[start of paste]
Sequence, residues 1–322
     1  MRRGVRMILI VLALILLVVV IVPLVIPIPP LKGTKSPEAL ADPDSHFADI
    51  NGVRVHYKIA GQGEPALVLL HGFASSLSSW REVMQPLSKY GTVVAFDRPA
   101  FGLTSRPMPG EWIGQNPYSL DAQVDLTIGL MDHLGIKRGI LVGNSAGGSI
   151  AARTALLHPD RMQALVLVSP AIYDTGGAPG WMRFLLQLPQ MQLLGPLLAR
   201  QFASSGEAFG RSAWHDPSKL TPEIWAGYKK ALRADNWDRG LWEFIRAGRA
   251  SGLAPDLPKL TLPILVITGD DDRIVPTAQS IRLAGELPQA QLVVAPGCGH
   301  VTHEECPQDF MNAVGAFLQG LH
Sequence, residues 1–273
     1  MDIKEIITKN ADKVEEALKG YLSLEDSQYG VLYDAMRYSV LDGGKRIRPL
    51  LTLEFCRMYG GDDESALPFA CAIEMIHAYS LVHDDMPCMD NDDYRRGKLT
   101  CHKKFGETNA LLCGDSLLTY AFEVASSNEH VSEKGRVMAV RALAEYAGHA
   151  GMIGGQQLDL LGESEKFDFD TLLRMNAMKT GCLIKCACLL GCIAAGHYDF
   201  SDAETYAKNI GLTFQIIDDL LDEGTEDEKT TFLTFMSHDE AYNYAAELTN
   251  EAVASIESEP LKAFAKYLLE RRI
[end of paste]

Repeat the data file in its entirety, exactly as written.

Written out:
Sequence, residues 1–322
     1  MRRGVRMILI VLALILLVVV IVPLVIPIPP LKGTKSPEAL ADPDSHFADI
    51  NGVRVHYKIA GQGEPALVLL HGFASSLSSW REVMQPLSKY GTVVAFDRPA
   101  FGLTSRPMPG EWIGQNPYSL DAQVDLTIGL MDHLGIKRGI LVGNSAGGSI
   151  AARTALLHPD RMQALVLVSP AIYDTGGAPG WMRFLLQLPQ MQLLGPLLAR
   201  QFASSGEAFG RSAWHDPSKL TPEIWAGYKK ALRADNWDRG LWEFIRAGRA
   251  SGLAPDLPKL TLPILVITGD DDRIVPTAQS IRLAGELPQA QLVVAPGCGH
   301  VTHEECPQDF MNAVGAFLQG LH
Sequence, residues 1–273
     1  MDIKEIITKN ADKVEEALKG YLSLEDSQYG VLYDAMRYSV LDGGKRIRPL
    51  LTLEFCRMYG GDDESALPFA CAIEMIHAYS LVHDDMPCMD NDDYRRGKLT
   101  CHKKFGETNA LLCGDSLLTY AFEVASSNEH VSEKGRVMAV RALAEYAGHA
   151  GMIGGQQLDL LGESEKFDFD TLLRMNAMKT GCLIKCACLL GCIAAGHYDF
   201  SDAETYAKNI GLTFQIIDDL LDEGTEDEKT TFLTFMSHDE AYNYAAELTN
   251  EAVASIESEP LKAFAKYLLE RRI